The UK has postponed the last phase of easing to July 19, the main reason being the high number of infections, especially with the delta variable (as the World Health Organization calls the specific variable in India). He says it’s a bit unclear why this variable has increased so strongly among Britons Mays house بيت, a virologist at the Rega Institute of KU Leuven.
“According to the data now available, the delta variant is 30 to 40 percent more infectious than the alpha variant (the ‘British’ variant, ed.), but there are no special mutations that would make this a type of supervirus. It is not clear why this increase. Is it the virus itself or the conditions in the UK?”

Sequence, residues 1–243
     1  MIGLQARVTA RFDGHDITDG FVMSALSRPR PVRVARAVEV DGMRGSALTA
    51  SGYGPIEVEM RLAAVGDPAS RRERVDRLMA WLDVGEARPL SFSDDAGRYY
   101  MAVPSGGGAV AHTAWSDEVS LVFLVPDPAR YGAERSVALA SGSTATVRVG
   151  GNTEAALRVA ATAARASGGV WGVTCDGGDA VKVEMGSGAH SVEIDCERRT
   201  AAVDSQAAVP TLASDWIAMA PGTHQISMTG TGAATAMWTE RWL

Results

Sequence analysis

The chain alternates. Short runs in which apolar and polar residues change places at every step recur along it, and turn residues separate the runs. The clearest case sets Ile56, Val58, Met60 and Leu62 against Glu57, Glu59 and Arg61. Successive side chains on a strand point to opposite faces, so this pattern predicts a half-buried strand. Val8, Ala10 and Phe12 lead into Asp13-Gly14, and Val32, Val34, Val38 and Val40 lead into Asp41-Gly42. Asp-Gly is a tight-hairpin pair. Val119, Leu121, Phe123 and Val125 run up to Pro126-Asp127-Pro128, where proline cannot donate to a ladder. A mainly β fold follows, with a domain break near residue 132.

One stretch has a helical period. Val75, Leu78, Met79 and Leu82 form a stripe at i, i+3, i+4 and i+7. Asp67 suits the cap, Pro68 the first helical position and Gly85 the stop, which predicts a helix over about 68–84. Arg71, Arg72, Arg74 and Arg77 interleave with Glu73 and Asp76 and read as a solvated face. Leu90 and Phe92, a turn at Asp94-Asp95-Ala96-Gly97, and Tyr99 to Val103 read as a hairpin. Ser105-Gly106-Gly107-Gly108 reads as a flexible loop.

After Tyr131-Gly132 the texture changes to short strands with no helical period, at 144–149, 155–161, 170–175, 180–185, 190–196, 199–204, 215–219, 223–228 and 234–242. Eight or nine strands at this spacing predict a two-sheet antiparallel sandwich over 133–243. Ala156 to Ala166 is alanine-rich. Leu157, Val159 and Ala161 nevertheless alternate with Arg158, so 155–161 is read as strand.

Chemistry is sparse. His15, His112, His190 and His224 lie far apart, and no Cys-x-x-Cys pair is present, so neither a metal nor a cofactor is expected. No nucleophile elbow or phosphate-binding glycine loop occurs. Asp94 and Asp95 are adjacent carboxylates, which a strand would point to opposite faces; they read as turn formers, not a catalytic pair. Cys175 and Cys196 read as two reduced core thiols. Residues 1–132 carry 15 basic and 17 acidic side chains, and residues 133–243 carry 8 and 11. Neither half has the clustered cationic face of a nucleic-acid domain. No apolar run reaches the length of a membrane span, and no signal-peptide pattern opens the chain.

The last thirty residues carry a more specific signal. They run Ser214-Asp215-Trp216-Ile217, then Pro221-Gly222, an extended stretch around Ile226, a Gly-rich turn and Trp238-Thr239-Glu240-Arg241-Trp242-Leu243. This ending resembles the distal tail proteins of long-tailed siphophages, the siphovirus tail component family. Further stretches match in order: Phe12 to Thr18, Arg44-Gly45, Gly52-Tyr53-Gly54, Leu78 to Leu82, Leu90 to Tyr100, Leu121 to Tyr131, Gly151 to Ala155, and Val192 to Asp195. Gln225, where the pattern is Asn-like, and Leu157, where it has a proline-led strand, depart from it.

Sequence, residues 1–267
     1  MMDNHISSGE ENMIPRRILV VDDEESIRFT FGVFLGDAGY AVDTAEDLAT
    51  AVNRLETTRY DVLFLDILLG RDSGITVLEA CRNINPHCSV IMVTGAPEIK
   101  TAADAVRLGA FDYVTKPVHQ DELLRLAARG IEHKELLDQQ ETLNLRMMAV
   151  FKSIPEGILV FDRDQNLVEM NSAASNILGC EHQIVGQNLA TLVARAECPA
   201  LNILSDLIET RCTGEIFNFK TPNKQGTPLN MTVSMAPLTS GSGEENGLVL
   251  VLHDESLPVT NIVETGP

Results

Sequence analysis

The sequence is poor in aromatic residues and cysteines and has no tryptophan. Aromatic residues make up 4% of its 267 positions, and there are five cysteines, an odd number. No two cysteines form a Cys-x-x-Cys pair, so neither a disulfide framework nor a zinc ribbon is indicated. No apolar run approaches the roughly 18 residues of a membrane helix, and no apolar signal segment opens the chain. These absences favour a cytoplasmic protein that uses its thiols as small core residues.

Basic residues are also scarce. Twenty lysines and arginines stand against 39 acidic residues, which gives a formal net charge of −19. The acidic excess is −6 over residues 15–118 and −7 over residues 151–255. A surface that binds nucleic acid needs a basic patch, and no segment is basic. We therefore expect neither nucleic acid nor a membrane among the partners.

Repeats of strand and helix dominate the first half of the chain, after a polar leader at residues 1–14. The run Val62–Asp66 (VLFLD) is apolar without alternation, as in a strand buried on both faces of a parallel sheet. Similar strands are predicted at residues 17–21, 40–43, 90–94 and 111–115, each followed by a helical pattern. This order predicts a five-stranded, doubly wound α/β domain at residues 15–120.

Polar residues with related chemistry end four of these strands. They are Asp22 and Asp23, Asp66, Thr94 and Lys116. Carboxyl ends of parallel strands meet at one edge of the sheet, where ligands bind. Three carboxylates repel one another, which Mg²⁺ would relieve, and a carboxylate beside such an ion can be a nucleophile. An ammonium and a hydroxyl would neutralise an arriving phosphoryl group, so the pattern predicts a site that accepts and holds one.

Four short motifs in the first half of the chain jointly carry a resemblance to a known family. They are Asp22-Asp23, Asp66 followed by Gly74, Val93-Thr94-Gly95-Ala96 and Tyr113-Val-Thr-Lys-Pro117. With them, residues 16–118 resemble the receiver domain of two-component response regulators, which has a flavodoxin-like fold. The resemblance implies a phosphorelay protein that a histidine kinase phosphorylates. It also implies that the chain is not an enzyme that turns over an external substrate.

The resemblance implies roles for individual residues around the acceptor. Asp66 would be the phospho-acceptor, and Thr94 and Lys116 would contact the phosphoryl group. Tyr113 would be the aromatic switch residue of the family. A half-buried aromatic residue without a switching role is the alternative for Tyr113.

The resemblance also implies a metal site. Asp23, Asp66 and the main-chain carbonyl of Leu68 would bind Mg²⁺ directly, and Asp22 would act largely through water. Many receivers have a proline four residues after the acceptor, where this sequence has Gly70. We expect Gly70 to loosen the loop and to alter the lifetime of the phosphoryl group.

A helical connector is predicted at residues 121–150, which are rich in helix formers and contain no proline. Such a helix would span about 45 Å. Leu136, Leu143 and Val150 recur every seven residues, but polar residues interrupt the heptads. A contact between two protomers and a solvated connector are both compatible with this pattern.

It is not clear the reason for this increase. Is it the virus itself or the conditions in the UK?
The fact that the UK has a large Indian population may play a role, “but we are also seeing an increase with the delta variant in other countries, for example in Russia.” The British method of vaccination can be important. “They focused mainly on the first injections. In the meantime, two injections are clearly needed for complete protection. So it is possible that the delta variant can be traded more easily.”
In our country, the delta variant accounts for about 12 percent of confirmed infections. “We definitely have to take that into account, it can go both ways,” says Maes. “Infections are dropping very sharply, vaccination rate is very high. All things positive right now. It is not abnormal that this variant takes the upper hand, it is difficult to estimate. So it is important to keep the number of infections as low as possible.
Listen to the conversation with Piet Maes on “The Morning” on Radio 1 Select
Source: vrtnws.be and ‘The Morning’
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